METHODOLOGY

Analytical Hierarchy Process (AHP)

Early 1980’s T.L.Satty developed AHP(Analytical Hierarchy Process) which introduces a pair-wise and hierarchical model for decision making process. AHP is one of the most widely used MCDM (Multi Criteria Decision Making) methods. AHP decomposes the decision problem into criteria and sub-criteria forming a hierarchy which gives full understanding to the decision problem. For each criterion and sub-criteria a pairwise matrix taking Satty’s 9-point scale value and compare their relativeness to each other. Finding eigen vector and weight for each matrix which results in the overall ranking to the problem. AHP along with informative data it also takes human judgment into account to ensure the efficiency of the final result. Some of its application includes ranking, prioritization, resource allocation, benchmarking, quality management. The step for implementing AHP process are illustrated as follow:

*Step 1*: The problem is decomposed into decision making hierarchy in terms of goal, criteria, sub-criteria and alternatives. It is one of the important parts in AHP, to structure the decision problem as a hierarchy.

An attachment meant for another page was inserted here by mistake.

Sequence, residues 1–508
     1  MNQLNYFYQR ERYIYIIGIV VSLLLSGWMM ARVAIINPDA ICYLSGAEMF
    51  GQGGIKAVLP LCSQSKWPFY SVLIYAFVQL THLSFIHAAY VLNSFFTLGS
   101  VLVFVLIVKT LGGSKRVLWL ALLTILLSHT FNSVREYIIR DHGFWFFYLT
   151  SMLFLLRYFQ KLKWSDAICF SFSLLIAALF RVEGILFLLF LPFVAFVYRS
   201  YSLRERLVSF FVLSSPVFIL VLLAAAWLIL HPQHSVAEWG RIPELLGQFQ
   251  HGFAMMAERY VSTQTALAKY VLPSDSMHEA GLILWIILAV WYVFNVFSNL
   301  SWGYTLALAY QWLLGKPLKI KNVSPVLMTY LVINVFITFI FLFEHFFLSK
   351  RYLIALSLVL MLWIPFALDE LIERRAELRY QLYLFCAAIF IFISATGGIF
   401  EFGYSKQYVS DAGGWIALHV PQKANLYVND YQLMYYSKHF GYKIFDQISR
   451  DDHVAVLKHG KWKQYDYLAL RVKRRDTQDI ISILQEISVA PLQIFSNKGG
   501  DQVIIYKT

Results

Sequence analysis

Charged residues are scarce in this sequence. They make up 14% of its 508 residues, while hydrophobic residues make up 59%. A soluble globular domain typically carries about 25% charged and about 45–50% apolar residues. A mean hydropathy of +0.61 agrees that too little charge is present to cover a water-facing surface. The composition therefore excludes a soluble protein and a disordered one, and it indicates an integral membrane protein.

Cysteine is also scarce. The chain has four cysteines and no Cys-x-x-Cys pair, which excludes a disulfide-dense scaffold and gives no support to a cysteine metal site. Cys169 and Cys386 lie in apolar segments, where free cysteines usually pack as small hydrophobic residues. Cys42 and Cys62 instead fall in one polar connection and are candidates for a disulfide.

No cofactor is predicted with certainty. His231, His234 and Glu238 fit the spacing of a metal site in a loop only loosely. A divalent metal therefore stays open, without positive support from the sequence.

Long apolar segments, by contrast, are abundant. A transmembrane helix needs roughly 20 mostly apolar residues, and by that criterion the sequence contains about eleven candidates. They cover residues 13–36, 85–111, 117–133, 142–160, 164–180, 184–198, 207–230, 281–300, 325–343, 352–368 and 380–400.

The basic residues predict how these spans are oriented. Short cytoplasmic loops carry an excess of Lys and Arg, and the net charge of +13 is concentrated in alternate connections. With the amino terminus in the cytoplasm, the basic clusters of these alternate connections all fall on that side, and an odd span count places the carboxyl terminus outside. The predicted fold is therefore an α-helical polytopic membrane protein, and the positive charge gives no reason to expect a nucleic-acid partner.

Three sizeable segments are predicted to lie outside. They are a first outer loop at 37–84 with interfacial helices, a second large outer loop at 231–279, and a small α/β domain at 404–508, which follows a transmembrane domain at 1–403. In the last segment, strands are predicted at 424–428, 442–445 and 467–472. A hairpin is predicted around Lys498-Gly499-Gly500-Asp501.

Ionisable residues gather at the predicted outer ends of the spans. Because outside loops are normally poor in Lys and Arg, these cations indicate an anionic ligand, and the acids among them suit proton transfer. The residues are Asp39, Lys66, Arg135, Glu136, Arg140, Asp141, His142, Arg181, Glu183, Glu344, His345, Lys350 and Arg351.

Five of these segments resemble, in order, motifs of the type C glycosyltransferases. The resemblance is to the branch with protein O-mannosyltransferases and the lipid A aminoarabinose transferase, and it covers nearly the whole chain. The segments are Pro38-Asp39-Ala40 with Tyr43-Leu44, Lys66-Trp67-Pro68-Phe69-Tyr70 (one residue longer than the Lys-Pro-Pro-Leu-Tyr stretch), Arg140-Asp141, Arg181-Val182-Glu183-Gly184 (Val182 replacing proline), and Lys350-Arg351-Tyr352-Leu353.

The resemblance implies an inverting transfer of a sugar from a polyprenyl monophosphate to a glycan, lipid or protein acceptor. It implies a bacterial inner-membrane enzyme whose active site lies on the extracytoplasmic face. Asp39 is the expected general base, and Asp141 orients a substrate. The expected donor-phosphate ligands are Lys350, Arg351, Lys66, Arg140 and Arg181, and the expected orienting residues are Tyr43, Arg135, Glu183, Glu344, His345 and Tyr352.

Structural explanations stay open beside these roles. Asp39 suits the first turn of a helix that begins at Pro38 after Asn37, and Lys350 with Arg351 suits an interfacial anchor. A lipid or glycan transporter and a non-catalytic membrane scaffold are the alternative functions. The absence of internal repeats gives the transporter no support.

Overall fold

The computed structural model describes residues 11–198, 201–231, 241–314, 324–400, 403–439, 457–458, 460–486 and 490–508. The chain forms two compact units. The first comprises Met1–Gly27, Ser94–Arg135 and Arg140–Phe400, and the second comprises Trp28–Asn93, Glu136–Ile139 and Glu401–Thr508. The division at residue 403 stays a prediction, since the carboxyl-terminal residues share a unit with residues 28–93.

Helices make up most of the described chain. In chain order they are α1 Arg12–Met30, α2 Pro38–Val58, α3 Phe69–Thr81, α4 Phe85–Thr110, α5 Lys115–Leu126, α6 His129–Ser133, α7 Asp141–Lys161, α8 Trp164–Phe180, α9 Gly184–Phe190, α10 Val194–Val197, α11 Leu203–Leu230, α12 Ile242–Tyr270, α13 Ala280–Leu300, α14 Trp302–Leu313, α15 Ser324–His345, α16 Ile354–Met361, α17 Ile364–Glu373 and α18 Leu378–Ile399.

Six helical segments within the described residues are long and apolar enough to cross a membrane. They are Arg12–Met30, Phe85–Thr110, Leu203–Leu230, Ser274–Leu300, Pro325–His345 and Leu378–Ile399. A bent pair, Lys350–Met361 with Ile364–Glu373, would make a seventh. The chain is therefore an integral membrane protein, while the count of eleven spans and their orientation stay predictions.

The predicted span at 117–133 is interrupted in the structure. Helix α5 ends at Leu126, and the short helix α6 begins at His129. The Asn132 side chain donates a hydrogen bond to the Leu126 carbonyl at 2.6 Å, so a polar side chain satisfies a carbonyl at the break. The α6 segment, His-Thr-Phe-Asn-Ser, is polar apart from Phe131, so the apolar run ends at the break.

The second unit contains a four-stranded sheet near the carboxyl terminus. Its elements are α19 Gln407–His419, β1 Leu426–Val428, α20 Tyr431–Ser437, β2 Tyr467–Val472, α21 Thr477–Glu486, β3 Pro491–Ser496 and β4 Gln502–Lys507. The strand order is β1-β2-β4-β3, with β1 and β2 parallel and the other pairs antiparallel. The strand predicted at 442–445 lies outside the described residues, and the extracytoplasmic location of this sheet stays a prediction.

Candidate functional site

FIGURE 1. Decision-Making Hierarchy

FIGURE 2. SCALE FOR PAIR WISE COMPARISION

Hierarchy indicates a relationship between elements of one level with intermediate below level. This relationship prelocates down to lowest level of the hierarchy. At the root of the hierarchy is our goal followed by main criteria, sub-criteria and alternatives. When comparing elements of each level decision maker has to compare with respect to a level below and level above.

*Step 2*: Data are collected from decision makers and applied to the hierarchical structure, as a pairwise comparison using scale given below. Then decision maker can rate the comparison as linguistic scale values given in Table 1. Using specially designed format in figure 2 opinion can be collected.

The format indicates that “X” in the given format is “very strong” indicating that B is very strong compared to A. Similarly, each criterion is compared and converted into the quantitative number as shown below.